Saturday, November 14, 2009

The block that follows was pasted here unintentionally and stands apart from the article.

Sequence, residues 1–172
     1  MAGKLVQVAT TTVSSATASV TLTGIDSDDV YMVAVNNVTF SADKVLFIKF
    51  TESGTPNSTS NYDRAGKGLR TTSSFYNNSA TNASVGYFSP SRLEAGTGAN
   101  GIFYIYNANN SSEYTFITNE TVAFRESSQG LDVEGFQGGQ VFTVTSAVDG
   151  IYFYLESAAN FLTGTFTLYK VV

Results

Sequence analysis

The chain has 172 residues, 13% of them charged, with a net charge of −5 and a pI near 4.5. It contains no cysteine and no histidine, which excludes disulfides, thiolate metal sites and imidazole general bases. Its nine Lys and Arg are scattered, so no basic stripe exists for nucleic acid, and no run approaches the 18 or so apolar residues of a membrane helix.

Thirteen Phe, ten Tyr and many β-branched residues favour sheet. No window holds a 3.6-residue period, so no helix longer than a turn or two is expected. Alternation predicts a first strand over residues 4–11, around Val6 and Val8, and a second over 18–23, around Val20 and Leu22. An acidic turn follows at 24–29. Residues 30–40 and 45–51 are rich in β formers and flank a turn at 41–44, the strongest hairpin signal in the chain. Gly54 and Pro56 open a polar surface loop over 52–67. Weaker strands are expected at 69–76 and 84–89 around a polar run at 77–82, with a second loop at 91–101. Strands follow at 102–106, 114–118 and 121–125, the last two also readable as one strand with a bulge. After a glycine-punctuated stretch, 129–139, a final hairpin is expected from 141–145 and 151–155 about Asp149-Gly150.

The Universal Declaration of Human Rights (UDHR) is a declaration adopted by the United Nations General Assembly (10 December 1948 at the Palais de Chaillot, Paris). The Guinness Book of Records describes the UDHR as the "Most Translated Document" in the world. The Declaration arose directly from the experience of the Second World War and represents the first global expression of rights to which all human beings are entitled. It consists of 30 articles which have been elaborated in subsequent international treaties, regional human rights instruments, national constitutions and laws. The International Bill of Human Rights consists of the Universal Declaration of Human Rights, theInternational Covenant on Economic, Social and Cultural Rights, and the International Covenant on Civil and Political Rights and its two Optional Protocols. In 1966 the General Assembly adopted the two detailed Covenants, which complete the International Bill of Human Rights; and in 1976, after the Covenants had been ratified by a sufficient number of individual nations, the Bill took on the force of international law.